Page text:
Today, the Bureau of Labor Statistics released its estimates for the employment situation in September. The data used for this report cover the period two weeks after Hurricane Katrina roiled the Gulf Coast, and therefore, should be considered in the context of those extenuating circumstances. Unemployment rose by 0.2 percentage points to 5.1 percent and employment fell by 35,000 jobs, the largest drop since April 2003. In the private sector, employment declined by 66,000 jobs in September – its largest decline since March 2003. The job losses were especially pronounced in retail trade, particularly food and clothing stores, restaurants, and transportation equipment manufacturers, with declines of 88,000, 53,700, and 22,000 jobs, respectively. State-by-state estimates will not be available until October 21, but it is safe to assume that many, if not most job losses were concentrated in the Gulf States hit hardest by Hurricane Katrina.

As today’s figures show, strong labor market protections are imperative to help workers cope with the fall-out from Katrina. While Katrina has certainly had a negative effect on the economy and the labor market, the employment situation was already weak prior to September of this year. Average employment growth had been an abysmally low 0.02 percent per month – about one ninth the average employment growth rate from 1945 to 2001. Since the current business cycle started in March 2001, only seven months showed employment growth that was higher than the average from 1946 to 2001. Due to weak employment growth, it took the labor market 45 months to regain all jobs lost in the recession and the initial stages of the economic recovery. It took even longer – 49 months – for all private sector jobs to reappear.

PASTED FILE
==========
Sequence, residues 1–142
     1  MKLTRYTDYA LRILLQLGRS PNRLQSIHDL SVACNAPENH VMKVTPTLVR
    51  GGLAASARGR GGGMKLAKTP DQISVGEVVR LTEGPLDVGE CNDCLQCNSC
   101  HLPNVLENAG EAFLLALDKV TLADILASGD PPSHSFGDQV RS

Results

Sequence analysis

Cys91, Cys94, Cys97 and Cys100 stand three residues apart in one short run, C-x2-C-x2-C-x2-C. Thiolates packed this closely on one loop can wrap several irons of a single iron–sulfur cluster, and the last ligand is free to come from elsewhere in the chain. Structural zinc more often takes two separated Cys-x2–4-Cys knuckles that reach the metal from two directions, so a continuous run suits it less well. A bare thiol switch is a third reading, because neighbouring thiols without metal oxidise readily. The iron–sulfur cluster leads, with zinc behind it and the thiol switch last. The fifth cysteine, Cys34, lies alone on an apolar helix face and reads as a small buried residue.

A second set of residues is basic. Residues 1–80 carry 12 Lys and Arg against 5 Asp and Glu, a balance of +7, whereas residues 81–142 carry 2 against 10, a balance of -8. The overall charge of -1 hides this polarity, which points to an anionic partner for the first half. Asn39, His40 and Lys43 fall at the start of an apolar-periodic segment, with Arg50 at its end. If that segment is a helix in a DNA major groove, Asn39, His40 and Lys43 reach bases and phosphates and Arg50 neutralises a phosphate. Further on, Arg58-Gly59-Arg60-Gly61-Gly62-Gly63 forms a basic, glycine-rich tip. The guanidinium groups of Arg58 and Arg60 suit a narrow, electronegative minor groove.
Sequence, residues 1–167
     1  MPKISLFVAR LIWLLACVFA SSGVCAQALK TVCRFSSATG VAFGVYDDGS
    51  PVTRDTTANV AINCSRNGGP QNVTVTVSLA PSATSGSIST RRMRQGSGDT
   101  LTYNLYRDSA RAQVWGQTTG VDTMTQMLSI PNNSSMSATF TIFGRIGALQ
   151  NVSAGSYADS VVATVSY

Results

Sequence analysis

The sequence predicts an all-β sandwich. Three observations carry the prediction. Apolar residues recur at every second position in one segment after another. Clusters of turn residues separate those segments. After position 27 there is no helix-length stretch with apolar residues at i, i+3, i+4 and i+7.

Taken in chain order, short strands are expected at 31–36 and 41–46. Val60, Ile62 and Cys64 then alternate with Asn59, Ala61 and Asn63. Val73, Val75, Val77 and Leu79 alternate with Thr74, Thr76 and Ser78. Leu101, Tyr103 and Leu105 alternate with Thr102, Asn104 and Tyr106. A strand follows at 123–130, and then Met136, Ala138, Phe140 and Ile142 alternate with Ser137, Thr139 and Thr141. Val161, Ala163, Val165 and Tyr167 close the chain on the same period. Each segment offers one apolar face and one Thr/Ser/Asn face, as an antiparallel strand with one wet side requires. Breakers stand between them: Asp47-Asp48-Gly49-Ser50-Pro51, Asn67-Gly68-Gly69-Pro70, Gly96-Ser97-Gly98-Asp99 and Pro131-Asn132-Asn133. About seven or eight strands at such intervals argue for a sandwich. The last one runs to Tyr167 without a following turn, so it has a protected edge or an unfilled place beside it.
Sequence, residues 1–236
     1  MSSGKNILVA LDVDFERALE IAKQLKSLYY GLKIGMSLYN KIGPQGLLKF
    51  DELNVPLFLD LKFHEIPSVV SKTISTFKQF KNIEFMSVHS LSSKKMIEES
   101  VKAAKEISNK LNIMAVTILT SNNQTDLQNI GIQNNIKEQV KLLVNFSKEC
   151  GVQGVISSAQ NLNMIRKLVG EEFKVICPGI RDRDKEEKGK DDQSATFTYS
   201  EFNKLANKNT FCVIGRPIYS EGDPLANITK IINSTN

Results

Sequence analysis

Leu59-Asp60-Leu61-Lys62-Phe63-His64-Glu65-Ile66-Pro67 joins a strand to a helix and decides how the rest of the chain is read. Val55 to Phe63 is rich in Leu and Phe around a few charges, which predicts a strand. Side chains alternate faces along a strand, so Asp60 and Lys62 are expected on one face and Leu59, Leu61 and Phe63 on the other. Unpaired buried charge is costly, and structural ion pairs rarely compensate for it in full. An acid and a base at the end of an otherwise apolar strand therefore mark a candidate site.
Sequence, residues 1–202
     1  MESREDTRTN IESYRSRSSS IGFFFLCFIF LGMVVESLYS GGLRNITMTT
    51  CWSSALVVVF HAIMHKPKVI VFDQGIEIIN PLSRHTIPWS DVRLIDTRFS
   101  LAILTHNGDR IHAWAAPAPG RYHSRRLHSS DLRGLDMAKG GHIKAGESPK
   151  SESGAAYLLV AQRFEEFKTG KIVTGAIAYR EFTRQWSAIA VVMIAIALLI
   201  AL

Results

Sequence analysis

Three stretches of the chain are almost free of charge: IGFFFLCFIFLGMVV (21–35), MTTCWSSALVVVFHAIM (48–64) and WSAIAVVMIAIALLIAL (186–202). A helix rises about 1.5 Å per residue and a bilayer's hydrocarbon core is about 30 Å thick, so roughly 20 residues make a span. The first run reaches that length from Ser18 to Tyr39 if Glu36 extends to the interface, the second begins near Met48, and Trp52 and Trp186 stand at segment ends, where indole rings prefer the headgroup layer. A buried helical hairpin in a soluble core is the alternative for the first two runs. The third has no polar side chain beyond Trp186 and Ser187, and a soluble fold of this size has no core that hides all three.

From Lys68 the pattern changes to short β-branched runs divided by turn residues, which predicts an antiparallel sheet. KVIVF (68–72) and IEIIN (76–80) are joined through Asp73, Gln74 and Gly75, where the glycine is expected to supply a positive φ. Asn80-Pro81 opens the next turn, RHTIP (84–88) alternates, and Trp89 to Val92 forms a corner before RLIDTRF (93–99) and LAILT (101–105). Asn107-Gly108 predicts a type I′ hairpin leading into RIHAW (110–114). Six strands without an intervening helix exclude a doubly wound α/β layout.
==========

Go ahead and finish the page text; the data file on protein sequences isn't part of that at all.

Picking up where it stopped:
The employment situation in the areas most affected by Hurricane Katrina was already weaker than in the nation at large before the storm hit. According to the BLS, the average unemployment rate in the areas most affected by the hurricane was 6.0 percent in August, compared to 4.9 percent nationwide.

Amid well-below-average employment growth, it is no surprise that employers felt no pressures to raise wages. In fact, by August 2005, inflation-adjusted weekly earnings were below those of more than four years ago in March 2001, when the current business cycle began. For all of 2005, inflation-adjusted weekly wages declined by 0.8 percent and hourly wages fell by 0.9 percent.

Compared to the nation as a whole, incomes were already substantially lower in the affected Gulf States. In 2004, the last year for which data are available, the typical family income in Mississippi’s impacted areas was $34,925, in New Orleans $31,369, and in Alabama’s affected regions $19,932, compared to $44,684 nationwide. It is also important to keep in mind that these incomes reflect the fact that inflation-adjusted family incomes had not risen for five years in a row.

The labor market fall-out from Hurricane Katrina has thus constituted yet another blow to middle-class families in the Gulf States. For the sake of those impacted by the hurricane and by this prolonged labor slump, it is crucial that labor market protections that will allow them to find good paying jobs remain in place, as a valuable first step toward normalcy and independence. These protections would ensure that people in the Gulf States not only get new jobs, but that those jobs pay decent wages.

The labor market fall-out from Hurricane Katrina constituted a second blow to middle-class families in the affected states. It is crucial to maintain labor market policies that will allow those impacted by the hurricane and the prolonged labor market slump to prosper. This requires not only new jobs, which are likely to be created by the rebuilding efforts, but also that those jobs pay decent wages. The Bush administration’s policy, which has been to waive prevailing wage protections, affirmative action provisions, and minority contractor rules, is exactly the wrong approach. The Associated Press reported this week that only 1.5 percent of the $1.6 billion awarded by the Federal Emergency Management Agency (FEMA) has gone to minority businesses, instead of the 5 percent normally required. Families in the regions hit by Hurricane Katrina need a second chance. Waiving rules that ensure government contract jobs go to those in the Gulf States who need them, and that also ensure those jobs will pay decent wages, are bound to hurt those most in need.

Christian E. Weller is senior economist at the Center for American Progress.

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Christian E. Weller

Senior Fellow